Those moments were profoundly impactful. She and I connected on a very intense level. I will never, ever forget it.

There stood a very brave woman. She dauntlessly brought her girls to say goodbye to their Nana, whom they loved. That took such strength in a room filled with such disdain.

But she did it.

Just as she had the courage to stand up for her daughters.

She had guts. She had gumption. She had MOXIE.

That was the last time I saw Laura. We never spoke the words of our abuse to one another.

But that look, that eye lock, said it all.

And 35 years later we have made up for time. We face it. We talk about it. We compare notes and share similar stories of how our lives have played out.

We continue to heal together.

That was the connection that my cousin Laura and I always had growing up together. We understood each other. We knew each other. And sadly, tragically, even, we lost many years.

Reuniting with her has been a blessing. It has been easy. And you know what? Our reunion feels like slipping into my favorite and most loved slippers.

That’s all.

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Animation 101

It was time to register for my fall classes. I chose to opt, again, for an elective in studio art. Art was one of my great passions. I enthusiastically poured over the course selection and decided to mix it up from my usual drawing classes. Animation 101 was offered from 12-2, three days per week.

Here was my logic. First, who doesn’t love Walt Disney? Second, and more importantly, the class was held at noon. Translation: it would not interfere with my sleep schedule.

Very quickly I learned that Walt Disney had the patience of Job. Aside from watching paint dry, animation was the least fun and the most tedious art medium I could imagine. It was just another challenge to my perfectionism.

One afternoon, “Professor Animation” assigned our final project. We were required to create an animated flip-book themed “Rites of Passage.” I just wanted to pass the class. I decided a ballerina dancing and morphing into a beautiful butterfly would be easy enough. Boy, was I wrong.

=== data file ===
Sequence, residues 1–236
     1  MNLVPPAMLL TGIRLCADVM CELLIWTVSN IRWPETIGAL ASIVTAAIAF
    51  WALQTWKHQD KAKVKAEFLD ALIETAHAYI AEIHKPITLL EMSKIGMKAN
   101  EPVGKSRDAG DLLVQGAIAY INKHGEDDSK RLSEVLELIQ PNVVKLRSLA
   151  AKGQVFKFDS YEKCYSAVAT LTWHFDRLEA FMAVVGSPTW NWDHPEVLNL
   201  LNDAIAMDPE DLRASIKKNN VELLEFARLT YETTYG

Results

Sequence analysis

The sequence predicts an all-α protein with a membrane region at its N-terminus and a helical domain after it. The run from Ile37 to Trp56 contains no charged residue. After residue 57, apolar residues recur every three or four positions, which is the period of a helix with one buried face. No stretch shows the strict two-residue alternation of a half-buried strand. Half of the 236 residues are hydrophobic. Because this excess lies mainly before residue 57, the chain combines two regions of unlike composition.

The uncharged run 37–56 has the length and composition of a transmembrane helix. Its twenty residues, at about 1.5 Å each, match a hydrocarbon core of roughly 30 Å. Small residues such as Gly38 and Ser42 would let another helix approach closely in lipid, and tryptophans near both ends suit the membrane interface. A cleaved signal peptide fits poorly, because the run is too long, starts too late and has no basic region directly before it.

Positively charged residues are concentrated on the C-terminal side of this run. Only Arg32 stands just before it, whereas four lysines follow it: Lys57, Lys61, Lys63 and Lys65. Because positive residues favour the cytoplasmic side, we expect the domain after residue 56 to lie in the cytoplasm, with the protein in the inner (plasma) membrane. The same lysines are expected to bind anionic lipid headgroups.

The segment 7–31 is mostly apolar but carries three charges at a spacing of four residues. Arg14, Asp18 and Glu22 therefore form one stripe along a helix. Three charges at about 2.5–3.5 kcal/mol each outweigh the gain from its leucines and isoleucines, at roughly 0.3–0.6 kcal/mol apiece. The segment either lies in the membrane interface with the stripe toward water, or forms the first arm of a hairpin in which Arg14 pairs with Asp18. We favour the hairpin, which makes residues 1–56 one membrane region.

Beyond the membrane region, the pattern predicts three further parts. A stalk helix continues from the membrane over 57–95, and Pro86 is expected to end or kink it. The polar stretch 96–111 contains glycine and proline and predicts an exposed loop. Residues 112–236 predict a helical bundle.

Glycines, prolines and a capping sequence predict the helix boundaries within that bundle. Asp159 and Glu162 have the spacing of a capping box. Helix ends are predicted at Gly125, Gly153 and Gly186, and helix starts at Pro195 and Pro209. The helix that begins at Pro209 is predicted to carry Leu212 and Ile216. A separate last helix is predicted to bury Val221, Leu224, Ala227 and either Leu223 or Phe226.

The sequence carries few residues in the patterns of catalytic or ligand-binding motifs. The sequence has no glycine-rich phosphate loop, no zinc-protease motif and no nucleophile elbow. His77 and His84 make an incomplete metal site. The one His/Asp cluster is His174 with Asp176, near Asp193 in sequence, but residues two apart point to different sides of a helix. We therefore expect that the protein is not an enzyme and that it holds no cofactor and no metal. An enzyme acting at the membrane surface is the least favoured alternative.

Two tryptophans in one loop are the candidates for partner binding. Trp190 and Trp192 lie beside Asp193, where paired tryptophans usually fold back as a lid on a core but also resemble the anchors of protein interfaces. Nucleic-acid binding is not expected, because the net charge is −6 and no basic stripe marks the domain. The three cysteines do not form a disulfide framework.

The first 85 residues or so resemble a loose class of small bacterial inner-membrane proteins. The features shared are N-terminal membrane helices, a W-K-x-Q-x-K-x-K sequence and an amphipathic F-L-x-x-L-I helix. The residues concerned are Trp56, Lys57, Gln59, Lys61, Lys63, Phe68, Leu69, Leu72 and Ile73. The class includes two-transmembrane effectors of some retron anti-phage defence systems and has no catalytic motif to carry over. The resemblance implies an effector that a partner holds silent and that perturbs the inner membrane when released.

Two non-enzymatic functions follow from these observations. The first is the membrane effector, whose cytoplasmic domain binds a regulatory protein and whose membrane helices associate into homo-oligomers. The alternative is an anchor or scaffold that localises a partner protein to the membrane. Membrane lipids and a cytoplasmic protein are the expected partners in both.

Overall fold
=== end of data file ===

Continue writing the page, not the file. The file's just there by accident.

You create a flip-book by subsequent images that are connected by the slightest changes. It’s a grueling and tedious process. It felt like my recurring dream in which I cannot arrive at my desired destination. It took me longer to draw this flip book than it did to write a 20-page paper on D.H. Lawrence.

Finally, my ballerina danced and twirled herself off of the dance floor and then fluttered herself right off into the sunset.

I earned my lowest grade of all time-C.

Like traditional animation, change can be a time-consuming and frustrating process. Change can be excruciatingly slow and scary. Changing is stepping into the unfamiliar.

I had much in common with that ballerina, except, I never studied ballet.

 

It just wasn’t in the cards.

I was only eight years old when “The Thief” robbed me of my innocence and chastity. At that young age, I was unaware of sex. I did not know what it was or what was happening to me. He clearly defined it for me. It was about dominance and power. And it has held such power over my decisions, specifically relationships throughout my life.

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Little Me. Age 8

My baseline for relationships was poor and defined by disregard, disrespect, and abuse. My baseline was at the level of the bottom feeders.

Let me give you an example.

When I was in my mid-twenties, I met “Finance Boyfriend” at a happening bar. He was handsome in his Armani suit surrounded by his buddies. He was loud and overly confident, drinking his Maker’s Rocks. He put the full court press on me to go on a date with him. He made me feel as if I was the most beautiful and special girl in the whole smoky place.

It did not take me long to agree.

We started out with a bang! We talked endless times per day, and we saw each other every chance we could. He told me that time was irrelevant when we were together. When he met my parents in our THIRD week of dating, he brought my mother a bouquet and my father, a devout Catholic, a book on Pope John Paul 2. He was too self-assured and too good-looking and MOST CONVINCING.

And I fell for it.

One night we dined at an expensive, hip new restaurant.  It was crowded, loud and full of the beautiful people. He ordered an expensive Cabernet and the Kobe. I stared at him adoringly. Ah. Bliss! Then the bill came, and I pulled out my credit card and I paid.

I ALWAYS PAID.

A show followed dinner. I was excited to surprise him with the best seats in the Colonial Theater. I paid more for those tickets than I did for my new fashionable outfit and “6 hour-new” auburn highlights. We settled in said best seats. He turned to me and told me that it was not working out.